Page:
With a month of partial service ahead, MBTA’s woes put into perspective

What else is there to say about the dire situation of the MBTA?

Until Monday, it seemed as if I had read every article left about the T’s woes. The past month saw transit passengers across the region have been left out in the cold when their trains were immobilized, usually after extreme cold or heavy snowfall. Two weeks after a Red Line train started sparking and smoking inside the Quincy Center station due to a mechanical issue, another was trapped for two hours not far from the station, as the third rail was covered in ice, according to NECN.

And these are just two of the most well-known examples. Thousands of commuters have faced daily delays. Faulty trains gave way to substitute shuttle buses on parts of the Red and Orange Lines; each branch of the Green Line had its own problems, warned the T’s website.

Sam Humphrey/Journal Staff

Then, the T’s General Manager Beverly Scott said Monday night that it may take 30 days for the system to return to full service. That is, provided “we don’t get hit with a storm like the last one,” she said, according to The Boston Globe.

Just think: less than a month ago, Bostonians were up in arms about the possibility of late-night T service being cut at the upcoming end of its trial period. Some of its supporters were workers who pulled late shifts and the city’s young adults who wanted to stay out late, according to The Boston Globe Magazine.

Now the same people who wanted the T to run later so they could stay out are probably more worried about whether it will be open to get them to school or work.

But if the past month or so has been filled with days of frustration for the city’s commuters, it seems hard to find an appropriate word for what the employees and managers of the MBTA have faced as they worked to keep it running. Whatever Scott called it, by Wednesday she was fed up, and resigned just hours after the Massachusetts Department of Transportation’s board of directors gave her a vote of confidence, according to the Globe.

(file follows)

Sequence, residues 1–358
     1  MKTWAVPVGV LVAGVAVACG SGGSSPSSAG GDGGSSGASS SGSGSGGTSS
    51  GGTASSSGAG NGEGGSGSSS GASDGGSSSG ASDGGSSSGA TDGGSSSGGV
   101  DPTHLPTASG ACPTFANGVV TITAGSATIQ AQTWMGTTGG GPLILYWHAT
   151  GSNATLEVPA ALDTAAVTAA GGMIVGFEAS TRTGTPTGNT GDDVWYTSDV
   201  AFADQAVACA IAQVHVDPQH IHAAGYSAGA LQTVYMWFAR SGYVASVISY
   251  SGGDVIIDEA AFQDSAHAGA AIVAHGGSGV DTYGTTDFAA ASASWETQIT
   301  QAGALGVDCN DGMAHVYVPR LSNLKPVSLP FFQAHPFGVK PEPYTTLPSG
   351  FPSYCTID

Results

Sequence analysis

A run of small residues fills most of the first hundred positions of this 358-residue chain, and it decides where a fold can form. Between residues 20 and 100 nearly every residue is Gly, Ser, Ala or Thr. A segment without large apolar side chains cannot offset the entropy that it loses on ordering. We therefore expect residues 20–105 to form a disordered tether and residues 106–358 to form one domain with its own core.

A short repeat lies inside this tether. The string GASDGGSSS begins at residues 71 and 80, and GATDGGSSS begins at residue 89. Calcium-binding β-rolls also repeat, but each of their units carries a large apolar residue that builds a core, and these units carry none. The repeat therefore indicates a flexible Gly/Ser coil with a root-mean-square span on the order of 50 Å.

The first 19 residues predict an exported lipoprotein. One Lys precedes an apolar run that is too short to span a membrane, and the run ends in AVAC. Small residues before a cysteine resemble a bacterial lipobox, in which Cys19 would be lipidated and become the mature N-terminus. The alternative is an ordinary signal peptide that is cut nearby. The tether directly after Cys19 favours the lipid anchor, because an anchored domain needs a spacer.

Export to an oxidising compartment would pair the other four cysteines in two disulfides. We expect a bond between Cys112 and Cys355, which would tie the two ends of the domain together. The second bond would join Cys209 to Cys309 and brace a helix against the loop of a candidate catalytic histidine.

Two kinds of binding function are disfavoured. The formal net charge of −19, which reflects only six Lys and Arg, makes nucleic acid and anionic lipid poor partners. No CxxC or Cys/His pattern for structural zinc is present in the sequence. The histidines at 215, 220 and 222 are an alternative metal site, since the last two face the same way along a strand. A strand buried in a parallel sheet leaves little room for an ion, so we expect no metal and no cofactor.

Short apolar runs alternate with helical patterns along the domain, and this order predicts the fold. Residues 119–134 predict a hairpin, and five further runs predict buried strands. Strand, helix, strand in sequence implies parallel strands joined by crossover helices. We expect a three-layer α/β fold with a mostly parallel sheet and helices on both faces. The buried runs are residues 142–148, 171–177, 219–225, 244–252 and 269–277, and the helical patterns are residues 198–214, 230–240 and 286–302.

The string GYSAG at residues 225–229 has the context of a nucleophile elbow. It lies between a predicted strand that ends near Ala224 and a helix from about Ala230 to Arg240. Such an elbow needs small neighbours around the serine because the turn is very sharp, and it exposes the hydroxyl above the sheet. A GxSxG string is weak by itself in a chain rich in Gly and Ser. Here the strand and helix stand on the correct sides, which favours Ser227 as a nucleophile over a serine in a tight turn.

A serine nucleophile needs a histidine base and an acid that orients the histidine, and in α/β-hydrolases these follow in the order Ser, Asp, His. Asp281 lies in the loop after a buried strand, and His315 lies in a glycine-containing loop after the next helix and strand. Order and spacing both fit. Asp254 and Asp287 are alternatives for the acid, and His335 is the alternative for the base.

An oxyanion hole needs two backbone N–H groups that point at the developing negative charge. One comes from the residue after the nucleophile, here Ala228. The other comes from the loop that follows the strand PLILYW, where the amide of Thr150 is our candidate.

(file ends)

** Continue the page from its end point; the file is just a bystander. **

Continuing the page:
Given the almost unfathomable waterfall of problems crashing down on our transit system this winter, any extension of late-night T service is now a luxury, and would be a foolish one to waste the T’s already-strained resources on. So too are the pie-in-the-sky items on the T’s wishlist, like the already-underway South Coast Rail project or the coveted Urban Ring project which would run a bus rapid transit system between a handful of disconnected towns around Boston.

These projects, and the scores of others listed on the T’s website, must be prioritized. Projects that improve safety, accessibility, and reliability across the system should be ranked and resolved as efficiently as possible. Expansion projects must get the boot.

What good does expanding a crumbling MBTA do for the hundreds of thousands of commuters who use it to get to work and school? While a bigger system that serves more communities would be nice, the T must first fix the maintenance issues that plague those of us already losing service.